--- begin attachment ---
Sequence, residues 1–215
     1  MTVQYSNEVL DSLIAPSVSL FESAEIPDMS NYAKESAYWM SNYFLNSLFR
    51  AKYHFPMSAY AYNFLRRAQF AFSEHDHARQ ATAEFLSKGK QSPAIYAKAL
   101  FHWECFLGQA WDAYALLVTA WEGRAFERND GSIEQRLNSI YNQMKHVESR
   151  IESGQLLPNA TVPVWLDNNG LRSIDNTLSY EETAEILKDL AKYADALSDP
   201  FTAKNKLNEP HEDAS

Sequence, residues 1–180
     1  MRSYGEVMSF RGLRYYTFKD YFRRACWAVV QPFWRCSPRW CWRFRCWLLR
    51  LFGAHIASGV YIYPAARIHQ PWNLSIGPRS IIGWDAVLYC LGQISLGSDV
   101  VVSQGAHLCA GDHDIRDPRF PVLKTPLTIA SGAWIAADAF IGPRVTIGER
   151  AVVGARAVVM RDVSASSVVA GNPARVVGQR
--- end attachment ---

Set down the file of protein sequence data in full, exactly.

Sequence, residues 1–215
     1  MTVQYSNEVL DSLIAPSVSL FESAEIPDMS NYAKESAYWM SNYFLNSLFR
    51  AKYHFPMSAY AYNFLRRAQF AFSEHDHARQ ATAEFLSKGK QSPAIYAKAL
   101  FHWECFLGQA WDAYALLVTA WEGRAFERND GSIEQRLNSI YNQMKHVESR
   151  IESGQLLPNA TVPVWLDNNG LRSIDNTLSY EETAEILKDL AKYADALSDP
   201  FTAKNKLNEP HEDAS

Sequence, residues 1–180
     1  MRSYGEVMSF RGLRYYTFKD YFRRACWAVV QPFWRCSPRW CWRFRCWLLR
    51  LFGAHIASGV YIYPAARIHQ PWNLSIGPRS IIGWDAVLYC LGQISLGSDV
   101  VVSQGAHLCA GDHDIRDPRF PVLKTPLTIA SGAWIAADAF IGPRVTIGER
   151  AVVGARAVVM RDVSASSVVA GNPARVVGQR